These generalities, while arguably in the right direction, serve little use. Generalities such as:

"There is no doubt that politicians have skewed the language of the Constitution to fit their goals"
Then why are you stating this?

"This isn't to say that the Federal Constitution isn't flawed, but it also doesn't state that it isn't. It wasn't meant to be a perfect contract "

The design of having states as a sort of free market where people are capable of moving from one state to another as a sort of endorsement of one state over another is a fine idea, but insufficient. Again, my point of this original post was not to say the constitution is bad; the point isn't even just to say it's imperfect; the point is specifically to say the constitution is insufficient and if you want something that suffices you have to come up with it anew. And, the one dynamic of having a free market like state system is just one part in an engine, and might not even be needed in a better engine.

Please do not post any more.



posted on May, 22 2012 @ 02:39 PM
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reply to post by capob
 


There is no such thing as "free market like state system". The sate cannot impose a free market, only prevent one from happening. It is your use of language that is failing you. Phrases such as "free market state system" misunderstand both free markets and the state. Unless you mean "state" as being a condition or mode as in the state of a free market, you appear, by use of your language, to be suggesting that a "state" as in a political body is the arbiter of free markets. The problem with this is that the "state" - as in political body - can only deal with free markets in one of two ways: either by way of laissez faire (to let be) or by way of regulation, and the moment a state regulates a market it is no longer a free market.



posted on May, 22 2012 @ 02:49 PM
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Originally posted by capob
Please do not post any more.


You are quite the little tyrant aren't you? You didn't post to discuss your idea(s) -- you posted to decree your word as such and we just need to listen.


The design of having states as a sort of free market where people are capable of moving from one state to another as a sort of endorsement of one state over another is a fine idea, but insufficient. Again, my point of this original post was not to say the constitution is bad; the point isn't even just to say it's imperfect; the point is specifically to say the constitution is insufficient and if you want something that suffices you have to come up with it anew. And, the one dynamic of having a free market like state system is just one part in an engine, and might not even be needed in a better engine.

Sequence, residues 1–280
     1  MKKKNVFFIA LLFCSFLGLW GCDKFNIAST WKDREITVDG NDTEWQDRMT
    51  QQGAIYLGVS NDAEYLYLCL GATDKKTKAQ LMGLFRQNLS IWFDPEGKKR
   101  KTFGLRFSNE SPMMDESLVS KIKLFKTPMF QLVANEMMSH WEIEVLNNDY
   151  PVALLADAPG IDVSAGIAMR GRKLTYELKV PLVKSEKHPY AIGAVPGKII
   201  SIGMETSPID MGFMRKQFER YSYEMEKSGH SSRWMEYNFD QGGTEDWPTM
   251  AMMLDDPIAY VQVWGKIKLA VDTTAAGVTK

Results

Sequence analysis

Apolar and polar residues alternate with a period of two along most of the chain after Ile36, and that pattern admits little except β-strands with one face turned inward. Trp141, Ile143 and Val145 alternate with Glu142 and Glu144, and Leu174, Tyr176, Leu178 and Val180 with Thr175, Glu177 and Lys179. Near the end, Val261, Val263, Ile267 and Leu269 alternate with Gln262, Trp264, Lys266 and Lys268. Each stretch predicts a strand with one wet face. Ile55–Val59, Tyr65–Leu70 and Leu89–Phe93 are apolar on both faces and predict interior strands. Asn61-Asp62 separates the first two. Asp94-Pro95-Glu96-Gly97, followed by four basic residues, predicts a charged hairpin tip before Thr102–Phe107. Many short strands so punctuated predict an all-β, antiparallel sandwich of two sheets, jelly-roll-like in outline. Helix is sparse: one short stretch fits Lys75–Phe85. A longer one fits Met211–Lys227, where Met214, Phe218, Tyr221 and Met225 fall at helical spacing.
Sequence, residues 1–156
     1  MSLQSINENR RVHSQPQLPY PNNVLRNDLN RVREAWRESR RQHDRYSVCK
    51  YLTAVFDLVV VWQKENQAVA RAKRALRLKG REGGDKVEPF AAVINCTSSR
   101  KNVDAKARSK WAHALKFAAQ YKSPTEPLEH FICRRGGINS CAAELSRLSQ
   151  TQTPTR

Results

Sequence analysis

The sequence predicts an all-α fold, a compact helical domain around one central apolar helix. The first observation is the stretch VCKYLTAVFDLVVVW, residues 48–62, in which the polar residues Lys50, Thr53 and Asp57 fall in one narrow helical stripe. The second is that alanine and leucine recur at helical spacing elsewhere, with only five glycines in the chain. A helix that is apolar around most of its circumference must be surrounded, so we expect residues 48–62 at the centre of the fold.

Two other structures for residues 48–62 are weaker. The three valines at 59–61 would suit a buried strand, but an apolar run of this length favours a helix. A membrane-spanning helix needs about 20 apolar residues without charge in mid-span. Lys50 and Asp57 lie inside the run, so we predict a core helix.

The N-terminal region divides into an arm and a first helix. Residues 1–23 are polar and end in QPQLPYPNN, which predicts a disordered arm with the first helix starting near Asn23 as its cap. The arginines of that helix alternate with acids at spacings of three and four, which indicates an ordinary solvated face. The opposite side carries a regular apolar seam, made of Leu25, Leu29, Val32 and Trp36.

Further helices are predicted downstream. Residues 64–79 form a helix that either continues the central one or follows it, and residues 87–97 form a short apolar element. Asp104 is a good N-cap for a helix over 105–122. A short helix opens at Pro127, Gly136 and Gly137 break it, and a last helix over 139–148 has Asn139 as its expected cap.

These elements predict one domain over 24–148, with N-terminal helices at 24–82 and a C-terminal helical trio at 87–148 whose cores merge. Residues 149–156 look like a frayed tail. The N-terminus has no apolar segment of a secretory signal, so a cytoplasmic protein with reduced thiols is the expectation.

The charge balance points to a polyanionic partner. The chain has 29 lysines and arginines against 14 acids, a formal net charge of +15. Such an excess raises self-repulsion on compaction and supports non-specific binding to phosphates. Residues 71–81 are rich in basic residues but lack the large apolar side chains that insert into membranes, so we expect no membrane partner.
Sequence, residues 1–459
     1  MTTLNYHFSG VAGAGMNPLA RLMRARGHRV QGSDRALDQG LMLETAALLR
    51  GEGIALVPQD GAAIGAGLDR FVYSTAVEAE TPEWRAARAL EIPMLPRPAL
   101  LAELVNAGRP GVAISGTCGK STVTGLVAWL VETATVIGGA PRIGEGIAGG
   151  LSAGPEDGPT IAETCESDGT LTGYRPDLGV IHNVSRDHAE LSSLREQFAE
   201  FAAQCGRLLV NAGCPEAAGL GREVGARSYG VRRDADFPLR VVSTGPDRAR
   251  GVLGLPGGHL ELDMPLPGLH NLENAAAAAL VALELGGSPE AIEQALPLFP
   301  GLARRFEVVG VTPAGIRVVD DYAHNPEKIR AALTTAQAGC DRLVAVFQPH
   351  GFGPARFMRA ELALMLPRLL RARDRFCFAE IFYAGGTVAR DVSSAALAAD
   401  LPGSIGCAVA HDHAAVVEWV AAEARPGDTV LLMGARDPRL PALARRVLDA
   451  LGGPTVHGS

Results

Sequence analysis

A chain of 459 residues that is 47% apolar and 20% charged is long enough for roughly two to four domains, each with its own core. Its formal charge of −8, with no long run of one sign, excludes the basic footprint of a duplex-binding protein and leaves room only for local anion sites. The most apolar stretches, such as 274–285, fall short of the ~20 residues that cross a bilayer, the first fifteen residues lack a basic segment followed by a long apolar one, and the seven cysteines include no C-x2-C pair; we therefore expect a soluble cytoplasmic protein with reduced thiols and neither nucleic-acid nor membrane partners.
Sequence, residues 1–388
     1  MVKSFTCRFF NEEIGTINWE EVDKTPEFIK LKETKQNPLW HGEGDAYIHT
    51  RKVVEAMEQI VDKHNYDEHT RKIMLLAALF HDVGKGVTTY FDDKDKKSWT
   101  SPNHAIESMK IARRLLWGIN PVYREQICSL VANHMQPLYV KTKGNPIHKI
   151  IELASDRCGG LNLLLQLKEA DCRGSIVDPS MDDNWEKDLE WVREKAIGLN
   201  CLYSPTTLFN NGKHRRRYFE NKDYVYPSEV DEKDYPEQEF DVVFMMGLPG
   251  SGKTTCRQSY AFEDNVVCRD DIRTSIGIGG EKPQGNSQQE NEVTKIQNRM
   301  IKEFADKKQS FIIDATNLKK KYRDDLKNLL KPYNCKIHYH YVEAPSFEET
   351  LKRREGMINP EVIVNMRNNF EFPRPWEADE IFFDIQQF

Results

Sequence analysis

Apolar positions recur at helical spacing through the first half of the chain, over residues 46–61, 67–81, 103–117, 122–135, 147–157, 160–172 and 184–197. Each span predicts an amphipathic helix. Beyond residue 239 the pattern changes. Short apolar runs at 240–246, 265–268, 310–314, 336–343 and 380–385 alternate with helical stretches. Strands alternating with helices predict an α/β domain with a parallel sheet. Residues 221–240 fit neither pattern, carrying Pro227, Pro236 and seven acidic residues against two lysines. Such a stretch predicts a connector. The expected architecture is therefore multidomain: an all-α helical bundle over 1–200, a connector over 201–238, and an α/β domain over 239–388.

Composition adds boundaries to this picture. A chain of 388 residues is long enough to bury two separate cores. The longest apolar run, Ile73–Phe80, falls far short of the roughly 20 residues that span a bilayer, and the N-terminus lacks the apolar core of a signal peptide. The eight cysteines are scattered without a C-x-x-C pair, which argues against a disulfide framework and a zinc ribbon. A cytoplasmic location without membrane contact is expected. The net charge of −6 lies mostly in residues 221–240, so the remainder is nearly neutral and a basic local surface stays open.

Admittedly I had a few adult beverages when I posted and I came off general, but the above is just as vague.

Where is the Constitution insufficient? And if the point is to specifically say it is, then why ask others to come up with something anew?

Should each state in the Union not have their own Constitutions and only rely upon a National one?



posted on May, 22 2012 @ 03:20 PM
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reply to post by ownbestenemy
 


"You are quite the little tyrant aren't you? You didn't post to discuss your idea(s) -- you posted to decree your word as such and we just need to listen. "

You are not adding to the thread, you are just trying to subtract an divert. And, even when you come up with ideas, as I said in the previous post, they are too general to be of any use and might as well not have been stated. This is why I don't want you posting here. If you had posted suggestions as to additions to my paper or corrects, or if you had posted ideas on your own dynamics to be included in a new constitution, I would encourage your posting, but you have shown your true character - as has your buddy - and I care none for it.

"Where is the Constitution insufficient?" Did you read the original post or were you too busy drinking your "adult beverages".

"And if the point is to specifically say it is, then why ask others to come up with something anew? " Are you serious? The very conclusion leads to the need to come up with it anew. I am not saying constitutions in general are insufficient - at least not here.

"Should each state in the Union not have their own Constitutions and only rely upon a National one? "
I am not saying states should not have their own constitutions and why would you even ask this question?

If I don't respond to your posts from now on, it is not that I can't or that your (ownbestenemy, Jean Paul Zodeaux) points are so valid as to stifle me, it is that I don't find responding worth my time. And if any moderators think this is too much of a calling out or decorum violation, why don't you read "Jean Paul Zodeaux" posts and see they are just more wordy attacks on me? In which case, I'd have you delete the whole lot of my and their posts altogether, as they add nothing to the thread